In his article of 4/25/19, Jeff Garberson writes of the latest computer-model results on global warming: "Superficially, the model results would seem to suggest that warming is happening faster and more dramatically than previously estimated." While the remark is tentative, it's noteworthy that each new assessment coming from our labs is worse than the earlier ones.
We should be worried. Here's Nathaniel Rich in his intro. to his recent book, Losing Earth: "The Paris climate agreement...hoped to restrict warming to 2 degrees Celsius. A recent study puts the odds of pulling this off at one in twenty....The climate scientist James Hansen has called a 2-degree warming 'a prescription for long-term disaster.' Long-term disaster is now the best-case scenario. A 3-degree warming, on the other hand, is a prescription for short-term disaster: forests sprouting in the Arctic, the abandonment of most coastal cities, mass starvation. Robert Watson, a former chairman of the United Nations Intergovernmental Panel on Climate Change, has argued that a 3-degree warming is the realistic minimum. Four degrees: Europe in permanent drought; vast areas of China, India, and Bangladesh claimed by desert; Polynesia swallowed by the sea; the Colorado River thinned to a trickle. The prospect of a 5-degree warming prompts some of the world's preeminent climate scientists, not an especially excitable type, to warn of the fall of civilization."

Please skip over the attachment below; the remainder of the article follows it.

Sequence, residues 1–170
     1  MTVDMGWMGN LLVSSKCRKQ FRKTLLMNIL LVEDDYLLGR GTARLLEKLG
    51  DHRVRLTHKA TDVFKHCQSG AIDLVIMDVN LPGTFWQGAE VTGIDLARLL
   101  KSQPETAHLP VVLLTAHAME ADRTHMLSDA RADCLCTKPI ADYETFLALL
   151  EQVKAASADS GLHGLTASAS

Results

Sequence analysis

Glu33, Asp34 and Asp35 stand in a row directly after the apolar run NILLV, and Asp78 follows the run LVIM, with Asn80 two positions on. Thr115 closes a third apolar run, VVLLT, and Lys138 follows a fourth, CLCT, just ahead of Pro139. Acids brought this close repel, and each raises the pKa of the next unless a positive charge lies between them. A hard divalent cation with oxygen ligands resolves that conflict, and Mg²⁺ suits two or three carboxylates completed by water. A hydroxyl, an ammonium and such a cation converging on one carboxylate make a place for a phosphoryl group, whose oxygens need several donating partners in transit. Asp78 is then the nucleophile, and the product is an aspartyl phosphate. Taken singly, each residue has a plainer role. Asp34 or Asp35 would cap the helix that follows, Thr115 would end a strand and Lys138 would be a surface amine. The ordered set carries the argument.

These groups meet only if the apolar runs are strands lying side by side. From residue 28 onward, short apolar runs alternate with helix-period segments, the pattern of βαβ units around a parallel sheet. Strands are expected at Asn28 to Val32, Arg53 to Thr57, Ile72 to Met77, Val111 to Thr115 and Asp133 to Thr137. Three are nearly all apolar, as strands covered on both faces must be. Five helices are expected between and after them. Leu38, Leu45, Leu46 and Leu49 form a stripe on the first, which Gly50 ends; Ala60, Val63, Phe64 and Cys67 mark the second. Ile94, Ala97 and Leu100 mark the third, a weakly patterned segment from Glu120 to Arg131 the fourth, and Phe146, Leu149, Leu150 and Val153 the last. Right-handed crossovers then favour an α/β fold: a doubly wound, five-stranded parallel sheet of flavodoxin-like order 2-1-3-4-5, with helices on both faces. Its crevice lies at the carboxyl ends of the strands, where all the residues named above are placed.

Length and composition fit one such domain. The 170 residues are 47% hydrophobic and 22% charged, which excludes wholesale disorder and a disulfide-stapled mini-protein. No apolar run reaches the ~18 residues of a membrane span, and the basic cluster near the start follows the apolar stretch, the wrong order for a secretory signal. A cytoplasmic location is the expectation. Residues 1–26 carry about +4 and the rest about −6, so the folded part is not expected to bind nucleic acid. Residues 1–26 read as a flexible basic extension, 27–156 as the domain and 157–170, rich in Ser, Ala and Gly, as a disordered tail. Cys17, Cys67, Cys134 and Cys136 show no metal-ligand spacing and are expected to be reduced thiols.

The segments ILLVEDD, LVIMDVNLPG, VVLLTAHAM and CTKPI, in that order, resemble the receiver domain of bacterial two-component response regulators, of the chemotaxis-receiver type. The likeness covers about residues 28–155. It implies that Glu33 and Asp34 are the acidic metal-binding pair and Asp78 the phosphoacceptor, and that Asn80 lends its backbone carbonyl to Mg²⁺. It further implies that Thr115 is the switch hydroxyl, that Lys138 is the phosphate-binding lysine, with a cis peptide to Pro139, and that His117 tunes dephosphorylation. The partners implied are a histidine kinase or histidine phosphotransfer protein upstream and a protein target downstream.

There you have Nathaniel Rich's assessment. Personally, I think the 5-degree comment is optimistic--optimistic in this way: that the fall of civilization, due to conflict over scarcity, would occur sooner than we ever got to 5-degrees. Closer to the bone, at the conclusion of his paragraph, Rich writes: "Beyond a certain point, the two great existential threats to our civilization, global warming and nuclear weapons, will loose their chains and join to rebel against their creators." This too is a tentative assessment; but it's one that should center our attention as no other problem does.